Moved to Seattle, where her husband began some hard-to-describe job at Microsoft, and her young daughter, Bee, went to private school.
Now she’s a recluse, warring with the other middle-school moms, outsourcing more and more of her most basic, day-to-day tasks to a personal assistant in India.
In the opening pages of Maria Semple’s “Where’d You Go, Bernadette,” her Pynchonian lifestyle is challenged when Bee looks to cash in on a promise her parents had made her at the start of middle school: Earn straight As, and she can have anything she wants for a graduation present. And what she wants, it turns out, is a family vacation to Antarctica.
At first, Bernadette agrees, and the family begins making preparations. But soon, her agoraphobia and untamable hatred of her fellow man get the best of her, and–once again–she disappears without a trace.
Pouring through emails, transcripts and notes, Bee attempts to find her mother, and in the process, paints a funny, vivid portrait of a woman crippled by her own brilliance.
Like her titular character, Semple did most of her work in Los Angeles before migrating north to Seattle. Semple was an Emmy-winning writer for shows that included “Mad About You” and “Arrested Development.” Traces of the latter can be found in “Bernadette,” whose characters’ defining trait is their self-centeredness, who are all part of a joke that only the reader is let in on.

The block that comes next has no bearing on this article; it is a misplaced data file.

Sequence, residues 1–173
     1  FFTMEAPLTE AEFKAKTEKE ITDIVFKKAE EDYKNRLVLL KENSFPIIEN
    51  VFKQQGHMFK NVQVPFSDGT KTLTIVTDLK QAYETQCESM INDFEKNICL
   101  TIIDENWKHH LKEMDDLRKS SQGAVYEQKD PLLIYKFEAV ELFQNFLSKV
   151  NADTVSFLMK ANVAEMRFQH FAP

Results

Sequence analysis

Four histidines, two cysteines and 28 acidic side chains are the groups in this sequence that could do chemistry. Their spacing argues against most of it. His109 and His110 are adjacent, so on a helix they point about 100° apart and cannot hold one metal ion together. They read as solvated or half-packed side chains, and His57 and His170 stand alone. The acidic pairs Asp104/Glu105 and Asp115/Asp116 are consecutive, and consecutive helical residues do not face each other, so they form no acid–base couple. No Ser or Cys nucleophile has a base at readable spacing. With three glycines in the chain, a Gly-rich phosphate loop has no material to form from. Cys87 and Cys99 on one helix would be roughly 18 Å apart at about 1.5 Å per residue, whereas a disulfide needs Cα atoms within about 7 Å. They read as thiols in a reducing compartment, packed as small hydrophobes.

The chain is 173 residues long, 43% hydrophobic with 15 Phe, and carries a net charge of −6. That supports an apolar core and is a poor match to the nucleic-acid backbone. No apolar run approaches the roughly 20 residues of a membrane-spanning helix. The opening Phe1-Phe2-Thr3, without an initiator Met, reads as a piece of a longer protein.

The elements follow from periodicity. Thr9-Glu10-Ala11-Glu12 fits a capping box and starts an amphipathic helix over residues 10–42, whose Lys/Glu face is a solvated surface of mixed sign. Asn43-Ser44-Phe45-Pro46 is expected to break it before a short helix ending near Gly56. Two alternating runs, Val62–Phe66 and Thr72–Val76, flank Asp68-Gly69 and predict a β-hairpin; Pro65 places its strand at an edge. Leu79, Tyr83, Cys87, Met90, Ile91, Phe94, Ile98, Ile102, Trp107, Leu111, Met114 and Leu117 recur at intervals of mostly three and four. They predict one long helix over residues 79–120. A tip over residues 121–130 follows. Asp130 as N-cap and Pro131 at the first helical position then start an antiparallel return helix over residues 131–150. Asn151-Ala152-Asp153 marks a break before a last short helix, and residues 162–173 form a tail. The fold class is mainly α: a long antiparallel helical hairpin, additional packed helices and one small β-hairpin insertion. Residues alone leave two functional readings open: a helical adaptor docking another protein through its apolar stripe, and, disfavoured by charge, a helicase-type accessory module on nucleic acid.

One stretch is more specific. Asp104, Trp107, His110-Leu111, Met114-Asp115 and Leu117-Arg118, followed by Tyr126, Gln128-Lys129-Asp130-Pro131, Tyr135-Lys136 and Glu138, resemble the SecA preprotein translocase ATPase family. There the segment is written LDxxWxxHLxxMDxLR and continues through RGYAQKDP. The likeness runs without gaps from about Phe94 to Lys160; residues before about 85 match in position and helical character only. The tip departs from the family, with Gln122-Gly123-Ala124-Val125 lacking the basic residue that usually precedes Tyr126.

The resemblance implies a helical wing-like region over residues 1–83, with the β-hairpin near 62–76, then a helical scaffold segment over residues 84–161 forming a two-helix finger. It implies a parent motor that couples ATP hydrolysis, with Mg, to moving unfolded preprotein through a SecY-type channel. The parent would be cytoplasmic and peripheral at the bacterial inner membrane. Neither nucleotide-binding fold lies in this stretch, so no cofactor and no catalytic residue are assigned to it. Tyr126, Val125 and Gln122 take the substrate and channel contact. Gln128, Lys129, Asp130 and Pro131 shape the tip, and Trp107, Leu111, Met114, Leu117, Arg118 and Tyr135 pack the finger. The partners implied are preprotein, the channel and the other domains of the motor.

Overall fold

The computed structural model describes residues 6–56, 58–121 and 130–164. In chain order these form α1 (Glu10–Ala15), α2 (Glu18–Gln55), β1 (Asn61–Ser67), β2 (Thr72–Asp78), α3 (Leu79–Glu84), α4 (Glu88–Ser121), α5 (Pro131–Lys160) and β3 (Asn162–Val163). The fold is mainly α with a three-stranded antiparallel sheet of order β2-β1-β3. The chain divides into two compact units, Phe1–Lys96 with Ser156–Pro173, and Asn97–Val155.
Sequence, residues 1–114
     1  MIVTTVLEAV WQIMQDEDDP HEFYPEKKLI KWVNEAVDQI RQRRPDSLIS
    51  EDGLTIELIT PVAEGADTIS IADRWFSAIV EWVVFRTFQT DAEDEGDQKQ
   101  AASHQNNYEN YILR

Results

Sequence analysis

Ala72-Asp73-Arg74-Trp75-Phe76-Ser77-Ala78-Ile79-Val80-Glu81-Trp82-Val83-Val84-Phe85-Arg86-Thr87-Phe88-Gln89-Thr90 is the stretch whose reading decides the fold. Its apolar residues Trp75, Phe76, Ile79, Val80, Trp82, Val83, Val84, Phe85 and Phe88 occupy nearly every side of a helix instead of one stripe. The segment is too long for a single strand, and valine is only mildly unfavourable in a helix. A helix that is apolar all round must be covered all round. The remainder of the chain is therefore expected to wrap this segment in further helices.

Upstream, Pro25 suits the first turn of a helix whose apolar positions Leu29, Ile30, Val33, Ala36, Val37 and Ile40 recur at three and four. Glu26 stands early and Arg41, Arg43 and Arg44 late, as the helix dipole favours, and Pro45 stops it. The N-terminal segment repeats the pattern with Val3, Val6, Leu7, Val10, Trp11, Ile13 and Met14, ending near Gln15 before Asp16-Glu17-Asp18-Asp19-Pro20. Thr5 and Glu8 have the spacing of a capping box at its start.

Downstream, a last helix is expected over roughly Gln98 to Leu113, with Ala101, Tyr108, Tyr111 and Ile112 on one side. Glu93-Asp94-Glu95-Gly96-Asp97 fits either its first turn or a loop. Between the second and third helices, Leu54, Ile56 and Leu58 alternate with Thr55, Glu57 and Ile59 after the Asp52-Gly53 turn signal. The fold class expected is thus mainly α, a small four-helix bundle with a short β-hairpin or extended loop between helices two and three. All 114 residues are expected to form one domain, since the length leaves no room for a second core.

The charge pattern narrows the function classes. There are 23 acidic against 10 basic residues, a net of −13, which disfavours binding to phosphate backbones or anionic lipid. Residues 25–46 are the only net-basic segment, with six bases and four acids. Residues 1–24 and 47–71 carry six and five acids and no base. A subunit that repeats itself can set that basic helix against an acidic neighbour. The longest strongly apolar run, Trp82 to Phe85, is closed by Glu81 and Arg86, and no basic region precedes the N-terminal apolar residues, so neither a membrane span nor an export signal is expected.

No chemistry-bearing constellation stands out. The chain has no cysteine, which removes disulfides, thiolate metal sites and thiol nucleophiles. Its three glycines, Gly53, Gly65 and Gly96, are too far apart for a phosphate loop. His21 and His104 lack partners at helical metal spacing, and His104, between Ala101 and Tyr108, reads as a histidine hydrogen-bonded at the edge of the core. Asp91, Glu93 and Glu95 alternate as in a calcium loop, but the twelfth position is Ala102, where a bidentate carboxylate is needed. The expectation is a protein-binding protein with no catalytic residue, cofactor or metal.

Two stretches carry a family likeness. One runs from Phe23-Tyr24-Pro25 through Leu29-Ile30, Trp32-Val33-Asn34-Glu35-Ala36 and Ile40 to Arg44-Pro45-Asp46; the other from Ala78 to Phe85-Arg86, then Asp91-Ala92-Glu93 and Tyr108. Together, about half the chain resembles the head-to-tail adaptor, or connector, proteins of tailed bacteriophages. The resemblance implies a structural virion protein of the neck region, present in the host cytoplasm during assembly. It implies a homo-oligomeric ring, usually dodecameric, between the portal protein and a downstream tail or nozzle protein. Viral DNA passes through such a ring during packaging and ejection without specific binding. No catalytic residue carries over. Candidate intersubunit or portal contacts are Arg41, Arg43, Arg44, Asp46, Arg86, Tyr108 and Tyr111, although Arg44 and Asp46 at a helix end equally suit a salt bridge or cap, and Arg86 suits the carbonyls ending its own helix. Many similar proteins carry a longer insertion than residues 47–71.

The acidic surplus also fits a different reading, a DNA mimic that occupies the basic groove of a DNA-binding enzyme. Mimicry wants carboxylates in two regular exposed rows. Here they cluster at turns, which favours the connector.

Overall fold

Take, for example, this email from one private school parent to another: “Today at Whole Foods, a woman I didn’t even recognize recognized me and said she was looking forward to my brunch. Judging from the contents of her shopping cart—imported cheese, organic raspberries, fruit wash spray—she is the exact quality of parent we need at Galer Street. I saw her in the parking lot. She was driving a Lexus. Not a Mercedes, but close enough!”
The novel’s satire of upper-crust liberals places it firmly in a line with Jeffrey Eugenides’ “The Marriage Plot” and “Freedom” by Jonathan Franzen, who appropriately blurbs here. All are works whose characters’ conscientiousness and tolerance are revealed to be self-righteous hypocrisy.
Still, the best parts of this book for me are those that focus not on the high-minded societal issues but on the relationship between mother and daughter and husband and wife. Bernadette is such a compelling character, you want to like her, even as you realize her bitterness and lack of courage are worse than the shallow society she resents so much. (Eric Lutz)
“Where’d You Go, Bernadette”
By Maria Semple
Little, Brown and Company, 336 pages, $26